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Public schools in the Bay Area face declining enrollments

By Issac Ang

Feb. 16, 2022

Ellie Kim Art


The aversion to online learning, coupled with the high cost of living in the San Francisco Bay Area, has fueled a decline in public school enrollments in recent years. While the beginning of the COVID-19 pandemic spurred debates on reopening schools to in person instruction, the current crisis in public K-12 education could result in permanent school closures.


The Bay Area has experienced declining public school enrollments ever since 2016, the Marin Independent Journal states. The notoriously high living costs and limited housing have caused families to move out of the metropolis in large numbers. This, along with a declining birth rate and reduced immigration nationwide, leads to fewer students. Eight out of nine counties in the Bay Area expect to lose public school students within the next decade; Santa Clara County will lose the fifth most in California.


Some student groups are hit harder than others. According to a report by the Public Policy Institute, kindergarten and pre-K are most affected by the pandemic. Parents worry that long hours of video instruction are not suitable for their young children. They also fear that even in person, social distancing and mask-wearing may negatively impact their child’s social development. Minority and low-income enrollment has also decreased substantially. As per the report, California schools had 20% fewer Black kindergartners, 11% fewer Latino and 3% fewer Asian students from 2020 to 2021; these ratios are held across higher grades but with smaller declines. Low-income enrollment declined 3.2%, compared to 1.7% for high income students. At the school, several extracurriculars are lacking students due to such shortages.


“This issue is very concerning, as almost all school districts in Santa Clara County are experiencing some degree of declining enrollment. Unfortunately, until an economic balance is restored, I do see this issue persisting,” John Mackey, Special Education Department and former Board President of Oak Grove School District, said.

The pandemic has largely been responsible for recent declines.

In Marin County, enrollment dropped by 5% last year, compared to 1% in previous years. Switching between online and in-person learning, students, teachers and administrators face growing confusion and mounting operational costs. Furthermore, families that lost jobs in the pandemic have moved out of the Bay Area in search of more affordable housing, Ed Source reports.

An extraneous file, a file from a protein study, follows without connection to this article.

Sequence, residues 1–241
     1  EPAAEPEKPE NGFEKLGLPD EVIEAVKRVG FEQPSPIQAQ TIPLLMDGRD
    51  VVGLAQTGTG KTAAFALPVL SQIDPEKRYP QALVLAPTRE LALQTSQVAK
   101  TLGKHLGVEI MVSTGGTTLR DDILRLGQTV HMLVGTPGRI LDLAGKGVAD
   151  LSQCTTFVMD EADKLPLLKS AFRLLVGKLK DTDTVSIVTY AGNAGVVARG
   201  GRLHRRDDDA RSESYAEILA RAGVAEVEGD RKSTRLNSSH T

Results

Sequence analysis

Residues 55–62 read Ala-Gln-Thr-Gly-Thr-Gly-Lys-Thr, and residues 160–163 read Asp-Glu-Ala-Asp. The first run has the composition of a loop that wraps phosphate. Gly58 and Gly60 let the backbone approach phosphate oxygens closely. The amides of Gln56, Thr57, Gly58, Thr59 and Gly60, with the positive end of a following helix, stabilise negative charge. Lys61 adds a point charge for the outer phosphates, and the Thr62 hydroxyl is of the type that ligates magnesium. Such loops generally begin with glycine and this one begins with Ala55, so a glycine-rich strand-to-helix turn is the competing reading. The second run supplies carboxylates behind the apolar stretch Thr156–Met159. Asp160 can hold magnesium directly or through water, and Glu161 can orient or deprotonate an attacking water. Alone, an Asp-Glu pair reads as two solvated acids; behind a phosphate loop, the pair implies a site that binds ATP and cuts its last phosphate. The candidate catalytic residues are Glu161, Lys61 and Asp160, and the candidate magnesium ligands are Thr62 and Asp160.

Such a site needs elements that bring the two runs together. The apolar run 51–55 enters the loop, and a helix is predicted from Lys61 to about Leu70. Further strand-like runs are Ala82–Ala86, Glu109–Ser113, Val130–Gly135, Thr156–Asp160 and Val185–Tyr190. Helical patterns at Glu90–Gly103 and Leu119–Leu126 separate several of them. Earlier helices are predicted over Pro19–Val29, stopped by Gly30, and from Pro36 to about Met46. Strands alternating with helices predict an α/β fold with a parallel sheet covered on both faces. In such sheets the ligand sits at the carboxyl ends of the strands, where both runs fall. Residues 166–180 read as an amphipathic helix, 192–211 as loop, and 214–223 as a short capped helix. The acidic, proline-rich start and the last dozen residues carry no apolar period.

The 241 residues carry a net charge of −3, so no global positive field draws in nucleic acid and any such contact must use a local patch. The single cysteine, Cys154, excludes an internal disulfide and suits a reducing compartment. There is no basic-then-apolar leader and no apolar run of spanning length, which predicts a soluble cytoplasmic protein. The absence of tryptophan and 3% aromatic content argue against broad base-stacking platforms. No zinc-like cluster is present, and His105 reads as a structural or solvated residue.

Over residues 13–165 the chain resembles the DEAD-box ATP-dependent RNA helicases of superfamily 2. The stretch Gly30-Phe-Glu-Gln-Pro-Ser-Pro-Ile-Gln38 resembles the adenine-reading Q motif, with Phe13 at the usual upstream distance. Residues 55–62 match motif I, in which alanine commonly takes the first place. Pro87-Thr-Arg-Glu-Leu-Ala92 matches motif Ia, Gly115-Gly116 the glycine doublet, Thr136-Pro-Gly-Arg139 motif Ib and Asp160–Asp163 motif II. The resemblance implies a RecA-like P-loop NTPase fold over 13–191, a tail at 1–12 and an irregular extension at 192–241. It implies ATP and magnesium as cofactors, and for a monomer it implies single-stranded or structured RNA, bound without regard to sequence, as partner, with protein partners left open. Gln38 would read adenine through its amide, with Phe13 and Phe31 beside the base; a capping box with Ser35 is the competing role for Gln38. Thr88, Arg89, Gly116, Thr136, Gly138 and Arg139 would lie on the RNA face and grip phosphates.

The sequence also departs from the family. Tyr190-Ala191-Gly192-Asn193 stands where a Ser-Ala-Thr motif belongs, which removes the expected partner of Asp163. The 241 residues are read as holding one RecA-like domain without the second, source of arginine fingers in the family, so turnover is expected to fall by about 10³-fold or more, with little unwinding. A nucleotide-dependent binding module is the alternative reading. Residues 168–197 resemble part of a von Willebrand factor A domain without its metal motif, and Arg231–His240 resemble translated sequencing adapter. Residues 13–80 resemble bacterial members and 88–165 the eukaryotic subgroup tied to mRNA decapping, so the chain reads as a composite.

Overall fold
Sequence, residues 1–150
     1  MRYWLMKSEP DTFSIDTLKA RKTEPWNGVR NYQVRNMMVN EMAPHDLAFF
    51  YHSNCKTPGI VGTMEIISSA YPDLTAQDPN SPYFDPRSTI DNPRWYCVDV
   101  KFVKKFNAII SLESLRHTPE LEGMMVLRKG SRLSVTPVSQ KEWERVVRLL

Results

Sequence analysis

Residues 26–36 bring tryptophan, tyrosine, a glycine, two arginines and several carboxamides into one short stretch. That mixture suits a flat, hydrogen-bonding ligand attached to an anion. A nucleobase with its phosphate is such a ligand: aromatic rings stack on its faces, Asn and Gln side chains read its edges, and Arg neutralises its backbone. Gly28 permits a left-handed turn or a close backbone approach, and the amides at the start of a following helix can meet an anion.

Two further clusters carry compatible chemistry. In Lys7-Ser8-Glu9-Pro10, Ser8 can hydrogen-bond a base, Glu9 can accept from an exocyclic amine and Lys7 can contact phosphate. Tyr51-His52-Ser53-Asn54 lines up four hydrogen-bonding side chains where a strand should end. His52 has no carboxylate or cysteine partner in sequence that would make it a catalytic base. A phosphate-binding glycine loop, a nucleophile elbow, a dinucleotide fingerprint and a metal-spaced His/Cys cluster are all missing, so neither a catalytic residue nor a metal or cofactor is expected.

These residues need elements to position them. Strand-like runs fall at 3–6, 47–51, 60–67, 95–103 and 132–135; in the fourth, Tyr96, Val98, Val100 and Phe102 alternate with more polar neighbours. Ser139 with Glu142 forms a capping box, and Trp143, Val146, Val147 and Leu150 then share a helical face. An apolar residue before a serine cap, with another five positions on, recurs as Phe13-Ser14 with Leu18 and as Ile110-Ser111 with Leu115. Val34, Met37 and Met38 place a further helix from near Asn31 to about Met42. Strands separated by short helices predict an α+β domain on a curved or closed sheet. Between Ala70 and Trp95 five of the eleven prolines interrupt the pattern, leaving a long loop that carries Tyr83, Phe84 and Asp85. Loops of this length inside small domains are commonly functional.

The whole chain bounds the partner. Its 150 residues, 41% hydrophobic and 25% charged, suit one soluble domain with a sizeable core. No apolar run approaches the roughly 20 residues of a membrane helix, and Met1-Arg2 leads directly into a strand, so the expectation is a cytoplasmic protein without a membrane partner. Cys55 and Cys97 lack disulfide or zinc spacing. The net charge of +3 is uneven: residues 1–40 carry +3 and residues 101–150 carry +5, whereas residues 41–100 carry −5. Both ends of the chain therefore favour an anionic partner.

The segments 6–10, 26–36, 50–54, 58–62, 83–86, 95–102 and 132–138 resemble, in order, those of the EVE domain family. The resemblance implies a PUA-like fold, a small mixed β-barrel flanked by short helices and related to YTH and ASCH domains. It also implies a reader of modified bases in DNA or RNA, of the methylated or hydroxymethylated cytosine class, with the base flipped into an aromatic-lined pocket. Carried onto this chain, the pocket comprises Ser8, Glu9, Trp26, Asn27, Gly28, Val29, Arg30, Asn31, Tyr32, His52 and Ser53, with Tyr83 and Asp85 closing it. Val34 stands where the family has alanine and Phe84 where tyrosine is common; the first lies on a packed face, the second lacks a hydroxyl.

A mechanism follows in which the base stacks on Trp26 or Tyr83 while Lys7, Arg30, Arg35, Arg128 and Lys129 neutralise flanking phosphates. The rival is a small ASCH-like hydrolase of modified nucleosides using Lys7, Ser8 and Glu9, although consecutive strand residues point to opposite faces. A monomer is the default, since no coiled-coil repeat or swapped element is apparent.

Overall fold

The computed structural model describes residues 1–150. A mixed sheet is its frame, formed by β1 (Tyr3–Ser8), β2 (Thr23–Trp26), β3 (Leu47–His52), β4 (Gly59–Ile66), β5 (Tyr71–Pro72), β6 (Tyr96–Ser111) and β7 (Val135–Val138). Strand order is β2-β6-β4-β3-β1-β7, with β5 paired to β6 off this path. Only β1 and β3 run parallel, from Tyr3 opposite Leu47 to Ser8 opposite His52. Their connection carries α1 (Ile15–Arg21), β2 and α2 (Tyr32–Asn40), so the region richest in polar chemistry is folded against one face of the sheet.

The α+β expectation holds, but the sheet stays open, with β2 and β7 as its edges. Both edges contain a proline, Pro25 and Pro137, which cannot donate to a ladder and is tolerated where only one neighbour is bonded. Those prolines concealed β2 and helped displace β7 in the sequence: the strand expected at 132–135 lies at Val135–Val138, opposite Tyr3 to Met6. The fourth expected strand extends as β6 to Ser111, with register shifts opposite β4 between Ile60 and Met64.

For some schools, lack of funding and failure to meet the quota for classes have forced them to shut down entirely. According to the Marin Independent Journal, in the next three years, eight schools could close in Hayward Unified School District. Since the start of the pandemic, Cupertino Union School District has already closed two: Regnart and Meyerholz Elementary Schools.


Tanking enrollment is not limited to the Bay Area—public schools in other regions of California and the U.S. also face challenges. Statewide, enrollment dropped by 3%, mostly concentrated in the Bay Area and Los Angeles. According to Ed Source, there has been a decadelong enrollment decline in California. Across the nation, the pandemic has shut down schools already struggling with enrollment, but whether the pandemic’s impacts will persist is highly debated.


Online learning and school closures have accelerated the recent surge in private and homeschooling, as parents are prompted to rethink what is the most optimal and safe learning environment for their children. Some parents chose to enroll their children in private schools as they offered in-person options prior to its widespread resumption among public schools. Private school enrollment increased by 4% from 2020 to 2021, the California Department of Education reveals. Others who cannot afford private school tuition chose to homeschool their children. EdSource reports that almost 35,000 California families filed an affidavit—a legal statement—to switch to homeschooling for the 2020-2021 school year, compared to 22,000 in the previous year. While student rates decline in public schools, other sources of learning witness boosts in enrollment as parents seek to continue educating their children.


“Although the school has lost around 200 students in the past two years, the school can sustain this loss; it will not shut down, unlike some of the other schools in the Bay Area. This is because many elementary and middle schools feed into the school, and it can be the parents’ choice to have fewer children. However, I would not draw serious conclusions until we have more data,” Principal Peter Park said.


 

About the Contributors

Issac Ang

Staff Writer


Isaac Ang is a junior at Leland High School and staff writer for the Charger Account. During his free time, he enjoys reading, playing ping pong, and experiencing nature. He is an avid rock climber. His academic interests include math, science, and coding.









Ellie Kim

Artist


Kim is currently a junior at Leland High School and is an artist for The Charger Account. Her hobbies include reading, drawing, and spending time with friends.

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